An absolute honest answer would be survival. Okay. But, uh, but other than that, it’s, it’s certainly growth, revenue growth is what I would consider successful. We’re still looking to grow in terms of being not so big that we can’t serve our clients well, and I don’t want to be that big. Mm-hmm. But we do want to, you want to always increase your revenue every year, particularly in a business work.
Where there’s such turnover in clients constantly. Yeah. Uh, the other thing is you want to have, you want to have a sense of satisfaction where we want to work for White hat, what we call white hat clients, uh, clients that where you have a sense they’re actually accomplishing something beyond just making profit for their, uh, making a profit for their show horrors, but actually doing something that’s worthwhile.
Uh, I love that in things. And, and, uh, the other level of success is free time. I mean, I, mm-hmm. I, I like to make sure my people have free time, and I certainly want more free time as I get closer and closer to some kind of retirement age. I have to be a motorcycle rider. And, uh, I Oh, great. Out on my bike every once in a while and to write, oh, yeah.
You know, somewhere along the line, you know that I’ve written a book. I wrote a book about a year ago about these 50 years of experience of mine and stories and anecdotes called, called, it’s the Media, stupid PR Without the Bs. And, uh, Uh, I’m looking to do a sequel to that and perhaps some other writing, which I’m looking too Great, and I’m glad you mentioned that.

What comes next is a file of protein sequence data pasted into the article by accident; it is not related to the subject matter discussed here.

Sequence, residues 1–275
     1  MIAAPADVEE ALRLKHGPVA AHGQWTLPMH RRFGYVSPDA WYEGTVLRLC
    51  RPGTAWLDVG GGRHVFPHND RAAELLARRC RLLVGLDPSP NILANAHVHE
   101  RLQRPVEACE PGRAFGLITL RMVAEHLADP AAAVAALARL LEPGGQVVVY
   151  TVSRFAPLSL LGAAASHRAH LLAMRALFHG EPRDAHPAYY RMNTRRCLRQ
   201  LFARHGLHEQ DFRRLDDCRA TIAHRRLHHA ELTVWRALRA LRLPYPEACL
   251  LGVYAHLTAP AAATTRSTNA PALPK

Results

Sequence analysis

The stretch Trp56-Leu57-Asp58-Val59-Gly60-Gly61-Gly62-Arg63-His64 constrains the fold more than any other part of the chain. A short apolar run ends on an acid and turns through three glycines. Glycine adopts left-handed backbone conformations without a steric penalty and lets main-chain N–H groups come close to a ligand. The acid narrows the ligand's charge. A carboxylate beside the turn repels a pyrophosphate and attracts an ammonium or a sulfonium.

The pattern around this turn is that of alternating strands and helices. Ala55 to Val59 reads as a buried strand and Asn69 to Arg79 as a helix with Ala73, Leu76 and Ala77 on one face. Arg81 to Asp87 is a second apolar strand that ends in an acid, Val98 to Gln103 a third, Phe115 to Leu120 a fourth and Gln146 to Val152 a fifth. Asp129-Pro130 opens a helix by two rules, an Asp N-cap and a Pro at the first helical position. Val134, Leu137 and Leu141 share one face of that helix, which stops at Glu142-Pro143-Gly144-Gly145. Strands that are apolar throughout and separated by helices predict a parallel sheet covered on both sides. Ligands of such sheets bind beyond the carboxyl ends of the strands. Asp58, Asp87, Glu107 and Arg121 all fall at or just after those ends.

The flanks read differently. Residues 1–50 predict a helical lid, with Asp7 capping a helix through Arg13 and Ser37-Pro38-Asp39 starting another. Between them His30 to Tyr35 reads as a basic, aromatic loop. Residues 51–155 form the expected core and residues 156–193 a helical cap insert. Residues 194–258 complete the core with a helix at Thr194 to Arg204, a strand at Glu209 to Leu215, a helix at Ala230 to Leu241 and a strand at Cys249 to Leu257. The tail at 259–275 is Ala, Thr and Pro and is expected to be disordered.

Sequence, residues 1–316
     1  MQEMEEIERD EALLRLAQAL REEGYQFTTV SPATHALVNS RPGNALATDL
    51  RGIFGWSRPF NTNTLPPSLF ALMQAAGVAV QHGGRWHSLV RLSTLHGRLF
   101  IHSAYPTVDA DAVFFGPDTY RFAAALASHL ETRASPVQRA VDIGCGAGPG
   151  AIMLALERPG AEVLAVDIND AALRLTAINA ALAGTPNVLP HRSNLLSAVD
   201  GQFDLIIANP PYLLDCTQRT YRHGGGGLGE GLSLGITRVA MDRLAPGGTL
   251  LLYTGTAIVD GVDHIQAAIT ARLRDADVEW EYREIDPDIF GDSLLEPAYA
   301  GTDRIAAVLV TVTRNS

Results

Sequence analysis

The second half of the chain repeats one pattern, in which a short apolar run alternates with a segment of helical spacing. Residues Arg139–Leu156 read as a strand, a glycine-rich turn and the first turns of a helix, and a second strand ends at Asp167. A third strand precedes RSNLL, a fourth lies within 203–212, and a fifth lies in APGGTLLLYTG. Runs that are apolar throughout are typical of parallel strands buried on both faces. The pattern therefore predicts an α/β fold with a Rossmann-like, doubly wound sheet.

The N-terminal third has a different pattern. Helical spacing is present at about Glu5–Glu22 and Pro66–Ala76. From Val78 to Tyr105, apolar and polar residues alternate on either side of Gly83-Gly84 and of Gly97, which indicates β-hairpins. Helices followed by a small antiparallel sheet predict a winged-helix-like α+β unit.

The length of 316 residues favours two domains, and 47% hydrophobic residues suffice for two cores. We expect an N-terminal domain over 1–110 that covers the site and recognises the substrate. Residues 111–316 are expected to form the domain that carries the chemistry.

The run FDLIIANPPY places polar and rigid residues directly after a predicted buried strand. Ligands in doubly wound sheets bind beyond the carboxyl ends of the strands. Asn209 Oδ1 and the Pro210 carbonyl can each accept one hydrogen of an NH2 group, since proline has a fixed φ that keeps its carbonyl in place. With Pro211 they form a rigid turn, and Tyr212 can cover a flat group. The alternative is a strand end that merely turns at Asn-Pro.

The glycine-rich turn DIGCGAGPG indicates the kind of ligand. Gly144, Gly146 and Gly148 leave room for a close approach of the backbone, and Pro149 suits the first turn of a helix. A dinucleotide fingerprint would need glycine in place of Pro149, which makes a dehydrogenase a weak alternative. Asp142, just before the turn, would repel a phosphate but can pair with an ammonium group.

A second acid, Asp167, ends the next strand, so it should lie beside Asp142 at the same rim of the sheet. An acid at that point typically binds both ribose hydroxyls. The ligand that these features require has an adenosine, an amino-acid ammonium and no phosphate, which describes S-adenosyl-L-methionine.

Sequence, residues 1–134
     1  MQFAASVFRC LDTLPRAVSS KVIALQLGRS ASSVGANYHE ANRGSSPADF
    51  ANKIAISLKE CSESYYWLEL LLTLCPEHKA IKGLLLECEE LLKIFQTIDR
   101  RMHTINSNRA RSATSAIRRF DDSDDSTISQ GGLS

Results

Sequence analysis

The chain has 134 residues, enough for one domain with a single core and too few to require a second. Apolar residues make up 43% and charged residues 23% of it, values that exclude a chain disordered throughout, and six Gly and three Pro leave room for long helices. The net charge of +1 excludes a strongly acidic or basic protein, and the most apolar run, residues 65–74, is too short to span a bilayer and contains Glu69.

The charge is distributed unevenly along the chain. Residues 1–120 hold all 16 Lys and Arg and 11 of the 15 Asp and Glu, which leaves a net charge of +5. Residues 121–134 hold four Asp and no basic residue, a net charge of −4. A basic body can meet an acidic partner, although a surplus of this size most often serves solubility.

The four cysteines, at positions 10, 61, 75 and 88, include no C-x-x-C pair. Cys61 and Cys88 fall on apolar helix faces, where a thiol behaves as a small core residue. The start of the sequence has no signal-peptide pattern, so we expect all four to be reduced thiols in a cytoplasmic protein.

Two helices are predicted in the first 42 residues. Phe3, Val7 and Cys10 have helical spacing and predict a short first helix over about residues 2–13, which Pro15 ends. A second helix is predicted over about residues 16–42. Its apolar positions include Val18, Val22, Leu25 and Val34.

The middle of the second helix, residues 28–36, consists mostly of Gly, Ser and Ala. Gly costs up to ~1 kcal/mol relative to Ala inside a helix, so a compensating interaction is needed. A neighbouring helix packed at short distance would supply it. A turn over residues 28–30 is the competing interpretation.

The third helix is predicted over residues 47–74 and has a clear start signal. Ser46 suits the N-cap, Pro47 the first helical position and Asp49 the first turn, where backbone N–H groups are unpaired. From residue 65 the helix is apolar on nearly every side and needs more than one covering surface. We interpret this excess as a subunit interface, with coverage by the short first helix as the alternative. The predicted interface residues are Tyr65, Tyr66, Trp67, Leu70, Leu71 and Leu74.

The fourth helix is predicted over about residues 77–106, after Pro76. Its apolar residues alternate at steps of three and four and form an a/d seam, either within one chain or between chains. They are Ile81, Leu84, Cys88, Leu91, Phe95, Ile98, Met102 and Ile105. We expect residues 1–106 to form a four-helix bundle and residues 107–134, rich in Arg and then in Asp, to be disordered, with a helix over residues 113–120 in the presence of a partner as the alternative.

Where, where can, where can people find the book? Oh, uh, you can find it on Amazon for sure. You can go to our Web two Inc’s website, but you can also find it on Amazon. And again, it’s, the title is, it’s The Media, stupid PR Without the bs. And it’s available on Amazon and on our website. And, and your website is, is inc.
I n k website is of course www dot inc, inc. Pr i n k i n cpr.com. Excellent. And we will link that in the show notes. Great. Um, and it’s been awesome having you on Dick. Really Well, it’s a pleasure. Um, Well, it, it’s a pleasure. You’re a legend in the PR industry. I’m envious of anybody that has been able to dance in ballroom dancing as well as a few other disciplines, you know?
So, uh, I think it’s great. Yeah, it’s, it was a, it was. Thank you so much. Yeah, it was a great part of my life and so appreciative of that experience that I was able to do with do with my wife. And, um, but I’m also loving being an entrepreneur and I, I still perform, I still have, uh, shows that I do here and there, but I love being an entrepreneur.
I love, I love pr, I love, uh, messaging. Um, and, and that’s kind of, you know, always been my passion. And I, I think I did that in dancing. I wanted to connect with people and now I’m doing it with business, so thank you. Well, you’re in a great profession to do it right now. Seriously, and, uh, thank you and I, I, I’ll, I’ll shove the compliment right back at you, Ryan.
You’re a, you’re a very good interviewer. Thank you. Look, thank you so much. Like you’re enjoying the interview. I do, I do. I love this. Great. I, I love it because you get to meet great people just like you and learn from you. So appreciate your time. Thank you. I appreciate it as well. All right. Thanks for being with us, you guys.